Test-rich, justice-poor: Australian education in the new era

Deans lecture series 2013

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About the lecture

The Theodore Fink Memorial Seminar in Australian Education

Presented by Professor Raewyn Connell
Faculty of Education and Social Work, The University of Sydney.

School systems have been seen as an engine of change, a ladder of social mobility, a wall for social exclusion, or an arena of privilege. Arguably they are all of these, at the same time, but the balance shifts historically. A generation ago, Australian schools attempted compensatory education for children in poverty, and became involved in pioneering work in gender equity and multicultural education. But before these could deepen into structural change, neoliberal agendas came to dominate Australian politics and set about transforming education systems on market lines. New policy processes, new politics of language, new technologies of testing and ranking, new dynamics of class formation and gender division, and new controls over teaching workforces, have arrived. The fragment of a social justice agenda that survives is a woolly project of 'social inclusion' that targets extremely disadvantaged groups while reinforcing the main dynamics of inequality.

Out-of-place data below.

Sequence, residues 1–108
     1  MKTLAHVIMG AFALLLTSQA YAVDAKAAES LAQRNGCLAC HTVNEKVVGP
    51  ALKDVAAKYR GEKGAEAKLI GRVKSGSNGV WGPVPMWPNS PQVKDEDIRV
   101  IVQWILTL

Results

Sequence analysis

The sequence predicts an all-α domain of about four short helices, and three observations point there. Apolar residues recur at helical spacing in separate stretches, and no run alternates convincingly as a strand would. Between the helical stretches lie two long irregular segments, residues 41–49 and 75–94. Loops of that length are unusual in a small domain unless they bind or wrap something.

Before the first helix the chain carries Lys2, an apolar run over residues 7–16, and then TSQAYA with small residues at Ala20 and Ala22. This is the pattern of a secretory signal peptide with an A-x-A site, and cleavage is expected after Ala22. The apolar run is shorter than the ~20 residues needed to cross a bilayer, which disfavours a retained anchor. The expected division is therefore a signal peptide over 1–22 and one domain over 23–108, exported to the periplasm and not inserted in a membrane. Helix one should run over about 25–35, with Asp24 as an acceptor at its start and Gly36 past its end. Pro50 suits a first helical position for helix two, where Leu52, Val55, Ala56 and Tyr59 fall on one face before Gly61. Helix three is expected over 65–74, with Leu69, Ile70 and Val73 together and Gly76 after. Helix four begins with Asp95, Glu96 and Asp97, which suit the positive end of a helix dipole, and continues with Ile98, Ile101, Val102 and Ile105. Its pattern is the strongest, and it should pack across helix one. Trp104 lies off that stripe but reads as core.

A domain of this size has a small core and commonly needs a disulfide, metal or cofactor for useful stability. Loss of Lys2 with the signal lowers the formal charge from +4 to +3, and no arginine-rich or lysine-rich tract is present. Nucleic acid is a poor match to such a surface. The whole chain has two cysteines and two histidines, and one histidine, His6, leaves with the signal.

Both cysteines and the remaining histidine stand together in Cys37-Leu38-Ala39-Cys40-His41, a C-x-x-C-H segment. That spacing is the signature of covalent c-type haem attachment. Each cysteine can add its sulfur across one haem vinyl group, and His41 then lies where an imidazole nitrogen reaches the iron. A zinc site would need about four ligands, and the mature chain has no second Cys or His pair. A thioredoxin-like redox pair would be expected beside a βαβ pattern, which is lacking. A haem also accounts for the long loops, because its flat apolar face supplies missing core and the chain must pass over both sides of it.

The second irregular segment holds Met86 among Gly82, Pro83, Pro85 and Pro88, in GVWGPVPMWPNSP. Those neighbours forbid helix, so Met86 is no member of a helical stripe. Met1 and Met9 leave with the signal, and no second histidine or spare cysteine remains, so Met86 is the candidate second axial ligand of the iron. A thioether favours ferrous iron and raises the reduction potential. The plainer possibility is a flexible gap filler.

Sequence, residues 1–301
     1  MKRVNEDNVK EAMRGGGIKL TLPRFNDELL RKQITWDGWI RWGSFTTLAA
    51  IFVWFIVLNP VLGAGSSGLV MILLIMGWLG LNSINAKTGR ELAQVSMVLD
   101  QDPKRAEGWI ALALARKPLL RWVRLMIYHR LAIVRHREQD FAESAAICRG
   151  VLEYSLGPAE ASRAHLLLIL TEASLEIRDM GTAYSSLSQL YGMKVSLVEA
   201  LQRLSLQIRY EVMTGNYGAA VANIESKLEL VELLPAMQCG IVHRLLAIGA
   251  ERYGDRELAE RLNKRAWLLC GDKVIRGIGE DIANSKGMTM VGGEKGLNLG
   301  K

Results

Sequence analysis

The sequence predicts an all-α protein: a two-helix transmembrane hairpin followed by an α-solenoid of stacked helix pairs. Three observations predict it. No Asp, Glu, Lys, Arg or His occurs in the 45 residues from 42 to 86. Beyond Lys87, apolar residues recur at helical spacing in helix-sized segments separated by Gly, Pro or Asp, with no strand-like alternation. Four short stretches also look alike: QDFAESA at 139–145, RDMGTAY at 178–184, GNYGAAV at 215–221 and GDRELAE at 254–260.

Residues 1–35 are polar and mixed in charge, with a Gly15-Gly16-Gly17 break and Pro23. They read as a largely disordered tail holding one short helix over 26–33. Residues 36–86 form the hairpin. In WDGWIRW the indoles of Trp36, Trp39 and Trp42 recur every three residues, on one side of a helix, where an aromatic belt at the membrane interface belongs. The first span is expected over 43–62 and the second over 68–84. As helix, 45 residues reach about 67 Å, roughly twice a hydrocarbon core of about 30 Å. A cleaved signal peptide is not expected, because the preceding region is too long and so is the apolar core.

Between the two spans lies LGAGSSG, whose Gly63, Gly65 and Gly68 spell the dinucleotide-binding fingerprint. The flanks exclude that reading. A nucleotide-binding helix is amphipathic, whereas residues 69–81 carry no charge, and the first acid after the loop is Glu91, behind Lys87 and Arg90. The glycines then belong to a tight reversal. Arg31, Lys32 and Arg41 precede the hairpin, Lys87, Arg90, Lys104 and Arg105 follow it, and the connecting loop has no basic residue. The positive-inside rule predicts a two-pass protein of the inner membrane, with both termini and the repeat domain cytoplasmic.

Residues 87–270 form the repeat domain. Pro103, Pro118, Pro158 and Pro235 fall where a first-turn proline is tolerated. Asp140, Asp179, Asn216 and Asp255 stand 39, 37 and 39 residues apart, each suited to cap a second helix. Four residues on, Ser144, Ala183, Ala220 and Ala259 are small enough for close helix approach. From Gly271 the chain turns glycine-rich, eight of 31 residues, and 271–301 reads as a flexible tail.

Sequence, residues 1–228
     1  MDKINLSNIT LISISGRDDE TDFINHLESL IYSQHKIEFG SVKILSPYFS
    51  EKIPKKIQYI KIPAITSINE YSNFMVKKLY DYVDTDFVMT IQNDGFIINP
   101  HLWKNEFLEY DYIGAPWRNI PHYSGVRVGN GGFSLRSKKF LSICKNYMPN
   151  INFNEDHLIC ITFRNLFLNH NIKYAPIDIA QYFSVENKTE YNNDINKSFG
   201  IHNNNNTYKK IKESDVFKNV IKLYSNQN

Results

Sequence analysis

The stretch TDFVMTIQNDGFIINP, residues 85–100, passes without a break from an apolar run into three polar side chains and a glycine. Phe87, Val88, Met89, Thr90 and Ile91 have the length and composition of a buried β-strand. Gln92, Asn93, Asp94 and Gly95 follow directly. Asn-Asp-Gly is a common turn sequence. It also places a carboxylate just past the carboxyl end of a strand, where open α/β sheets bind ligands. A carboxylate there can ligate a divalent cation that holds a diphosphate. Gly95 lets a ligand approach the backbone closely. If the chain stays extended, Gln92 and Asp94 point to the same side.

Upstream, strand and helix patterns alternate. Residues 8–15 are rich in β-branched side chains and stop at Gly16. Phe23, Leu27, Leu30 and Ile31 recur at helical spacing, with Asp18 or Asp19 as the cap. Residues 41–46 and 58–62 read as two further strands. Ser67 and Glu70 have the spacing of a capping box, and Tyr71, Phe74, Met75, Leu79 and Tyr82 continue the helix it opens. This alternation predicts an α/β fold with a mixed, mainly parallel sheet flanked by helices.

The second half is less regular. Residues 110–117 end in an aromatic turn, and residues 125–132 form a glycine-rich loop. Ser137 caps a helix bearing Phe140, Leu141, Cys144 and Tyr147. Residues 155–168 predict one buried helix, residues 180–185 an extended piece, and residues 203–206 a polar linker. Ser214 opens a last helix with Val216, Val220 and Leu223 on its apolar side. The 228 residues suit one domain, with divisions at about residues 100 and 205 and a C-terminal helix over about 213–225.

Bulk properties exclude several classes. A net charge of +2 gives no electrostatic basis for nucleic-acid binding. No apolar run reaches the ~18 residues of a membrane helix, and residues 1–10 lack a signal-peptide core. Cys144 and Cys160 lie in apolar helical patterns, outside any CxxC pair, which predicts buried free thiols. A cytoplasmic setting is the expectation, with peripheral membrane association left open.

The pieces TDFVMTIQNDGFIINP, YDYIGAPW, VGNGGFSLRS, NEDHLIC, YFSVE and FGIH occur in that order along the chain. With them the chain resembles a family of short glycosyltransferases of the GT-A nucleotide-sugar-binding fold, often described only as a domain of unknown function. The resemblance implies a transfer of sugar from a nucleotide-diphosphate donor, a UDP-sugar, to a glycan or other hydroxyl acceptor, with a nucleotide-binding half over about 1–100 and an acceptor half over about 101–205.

Educational knowledge is now heavily discounted in a technicized and market-driven policy process, impervious to research and protest. Is the new order of test-rich, justice-poor schooling now impossible to change? It has its own contradictions and weaknesses; educators face the task of making these clear, and putting together new agendas for just and inclusive education, and pro-education, rather than pro-profit, coalitions.